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Calls, blinds, and decoys?

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Brad Eden

Northerners don't have nearly the clout of southerners when it comes to wild turkey hunting. Some say them southern birds are a lot tougher to hunt given they have decades of paranoia built in, as compared to the relatively recent reintroduction of wild turkeys to the Northeast. I defer to southern wild turkey hunters gladly. Even so, I think the ability to call is overrated. Some think a person needs to be a champion trophied caller to be successful. I don't believe that. Knowing how, and when, how loud and how often to scratch out some yelps, squeak out some kee kee runs, and slap out some aggressive cuts on a box is more important. The best call of all can be no call at all, sometimes. I'm actually not bad with a box and mouth diaphragm calls. My hunting buddy sounds like a drowning cat when he decides to help out with a diaphragm call. I cringe when he starts. But it generally doesn't seem to bugger up a hunt or shut down a hot Tom that we are working. That's another thing, sometimes you need to shop for a bird that can be killed on a given day, and be willing to walk away from one that can't. JMO.

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MAArcher
17 minutes ago, Brad Eden said:

Northerners don't have nearly the clout of southerners when it comes to wild turkey hunting. 

 

I think you have give credit where credit is due.  Northerners are so good at killing turkeys that we wiped them out once already.  😈

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bobman

Lol says the guy that is always tracking something he wounded

 

“Good boy Wes find it” !! hahahaha 

 

just messing with you

 

I missed the first turkey I ever shot at I was so excited lol I still can’t believe I missed a huge strutting turkey 

 

but every one since then ended up in our oven

 

 

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Treerooster

Hobbes thanks for the luck. I'm in Neb for the early archery season. It's more like a warm up hunt as the turkeys are either not broke up yet or just breaking up and there ain't a whole lot around. It's good to get out though, I even have my dogs with me as I have a spot to run them...in the afternoons anyways.

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Treerooster

I don't get all the negativity about being a good turkey caller or learning to be one. For me turkey calling is much more than just replicating the sounds a turkey makes. As Brad eluded to it's about knowing how loud or soft, when and when not to, where, how much or how little, what to say...etc etc.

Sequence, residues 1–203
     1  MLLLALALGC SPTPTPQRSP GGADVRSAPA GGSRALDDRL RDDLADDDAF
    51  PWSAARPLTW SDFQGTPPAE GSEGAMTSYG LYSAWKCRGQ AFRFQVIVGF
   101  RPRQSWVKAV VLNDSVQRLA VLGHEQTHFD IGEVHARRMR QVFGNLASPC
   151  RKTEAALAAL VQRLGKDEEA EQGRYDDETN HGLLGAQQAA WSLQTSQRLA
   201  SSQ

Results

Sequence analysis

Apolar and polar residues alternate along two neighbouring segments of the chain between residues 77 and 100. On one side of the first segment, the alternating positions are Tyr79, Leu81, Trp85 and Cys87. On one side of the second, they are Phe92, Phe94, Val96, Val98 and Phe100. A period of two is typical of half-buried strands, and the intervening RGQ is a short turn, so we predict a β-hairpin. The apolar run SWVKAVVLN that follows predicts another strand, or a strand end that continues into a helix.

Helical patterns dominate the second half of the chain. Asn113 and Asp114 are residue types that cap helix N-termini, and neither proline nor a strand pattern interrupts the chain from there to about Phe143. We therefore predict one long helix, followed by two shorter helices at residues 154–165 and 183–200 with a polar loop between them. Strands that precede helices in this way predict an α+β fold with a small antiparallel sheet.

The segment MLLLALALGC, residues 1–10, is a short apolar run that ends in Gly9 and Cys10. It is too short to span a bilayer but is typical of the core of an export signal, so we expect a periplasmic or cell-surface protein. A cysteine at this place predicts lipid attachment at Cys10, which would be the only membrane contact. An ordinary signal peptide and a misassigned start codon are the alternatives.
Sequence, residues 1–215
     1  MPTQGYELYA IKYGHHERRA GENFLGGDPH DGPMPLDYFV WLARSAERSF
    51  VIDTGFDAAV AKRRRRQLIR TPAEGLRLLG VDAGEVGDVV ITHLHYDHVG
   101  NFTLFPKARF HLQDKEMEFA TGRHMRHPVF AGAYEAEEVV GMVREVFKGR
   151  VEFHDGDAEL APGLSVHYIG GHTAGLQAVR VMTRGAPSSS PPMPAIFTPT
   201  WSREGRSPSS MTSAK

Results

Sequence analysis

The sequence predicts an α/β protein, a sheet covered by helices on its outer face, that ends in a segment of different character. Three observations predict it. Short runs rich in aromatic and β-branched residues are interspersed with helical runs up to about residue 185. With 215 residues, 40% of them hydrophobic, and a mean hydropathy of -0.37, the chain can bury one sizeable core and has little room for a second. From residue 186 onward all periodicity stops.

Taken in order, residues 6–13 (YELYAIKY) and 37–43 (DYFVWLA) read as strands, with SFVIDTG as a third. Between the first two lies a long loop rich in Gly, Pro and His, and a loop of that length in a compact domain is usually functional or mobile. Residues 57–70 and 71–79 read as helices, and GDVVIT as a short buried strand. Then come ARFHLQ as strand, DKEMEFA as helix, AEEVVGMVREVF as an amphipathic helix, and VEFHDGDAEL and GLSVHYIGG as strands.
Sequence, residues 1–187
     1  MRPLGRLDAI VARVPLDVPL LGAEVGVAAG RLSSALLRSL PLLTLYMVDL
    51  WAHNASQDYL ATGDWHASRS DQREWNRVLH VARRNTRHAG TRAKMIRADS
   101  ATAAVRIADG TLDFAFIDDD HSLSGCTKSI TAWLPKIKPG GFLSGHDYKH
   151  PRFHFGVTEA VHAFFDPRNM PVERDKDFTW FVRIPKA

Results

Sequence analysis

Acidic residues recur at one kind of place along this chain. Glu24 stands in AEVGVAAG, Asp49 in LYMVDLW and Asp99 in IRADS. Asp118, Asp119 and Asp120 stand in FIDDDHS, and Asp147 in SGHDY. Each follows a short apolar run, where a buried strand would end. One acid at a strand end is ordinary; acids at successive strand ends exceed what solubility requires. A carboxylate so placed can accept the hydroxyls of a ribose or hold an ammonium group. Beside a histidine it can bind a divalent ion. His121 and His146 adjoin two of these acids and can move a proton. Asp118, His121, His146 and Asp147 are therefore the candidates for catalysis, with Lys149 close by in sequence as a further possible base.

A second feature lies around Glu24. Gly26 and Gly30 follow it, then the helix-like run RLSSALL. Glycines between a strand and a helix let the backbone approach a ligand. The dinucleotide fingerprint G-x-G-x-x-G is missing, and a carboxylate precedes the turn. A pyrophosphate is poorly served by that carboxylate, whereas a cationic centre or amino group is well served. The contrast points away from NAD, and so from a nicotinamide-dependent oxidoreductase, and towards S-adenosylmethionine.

Sure you can kill turkeys without being a decent caller, but if you know a thing or two about calling and have more of aturkey vocabulary, you don't have to wait for the gobbler to "get right". Certain situations need certain calls and if you can make an educated guess you will be more successful...and, at least for me, it's a heck of a lot more fun. I have a great day when I've talked back and forth with a hen and never even saw a gobbler.

 

You can kill turkeys with yelps and clucks, but it is more fun to call in a bird, that otherwise would have not come in, with something different.

 

I am so glad I learned to hunt turkeys  before all these new decoys came about. It forced me to learn more about their language. I would never even come close to placing in a calling contest, but having a bit of a turkey vocabulary has sure helped me enjoy turkey hunting much much more.

 

Turning a flock of geese or ducks with a call makes that type hunt more fun. Calls in turkey hunting are 100 times more important and that much more fun.

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MAArcher
1 hour ago, bobman said:

Lol says the guy that is always tracking something he wounded

 

“Good boy Wes find it” !! hahahaha 

 

just messing with you

 

I missed the first turkey I ever shot at I was so excited lol I still can’t believe I missed a huge strutting turkey 

 

but every one since then ended up in our oven

 

 

Don't you jinks me on turkey.  Its my saving grace.  I've pulled the trigger on over 40 turkey in the last 20 years and I've only missed two.  

 

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MAArcher
17 minutes ago, Treerooster said:

having a bit of a turkey vocabulary has sure helped me enjoy turkey hunting much much more.